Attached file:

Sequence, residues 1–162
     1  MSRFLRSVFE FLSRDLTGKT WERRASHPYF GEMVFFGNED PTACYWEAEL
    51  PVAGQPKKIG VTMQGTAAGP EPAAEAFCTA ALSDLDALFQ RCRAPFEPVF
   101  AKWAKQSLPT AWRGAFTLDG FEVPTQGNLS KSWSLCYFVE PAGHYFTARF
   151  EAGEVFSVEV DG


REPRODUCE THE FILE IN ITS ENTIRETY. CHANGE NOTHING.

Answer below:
Sequence, residues 1–162
     1  MSRFLRSVFE FLSRDLTGKT WERRASHPYF GEMVFFGNED PTACYWEAEL
    51  PVAGQPKKIG VTMQGTAAGP EPAAEAFCTA ALSDLDALFQ RCRAPFEPVF
   101  AKWAKQSLPT AWRGAFTLDG FEVPTQGNLS KSWSLCYFVE PAGHYFTARF
   151  EAGEVFSVEV DG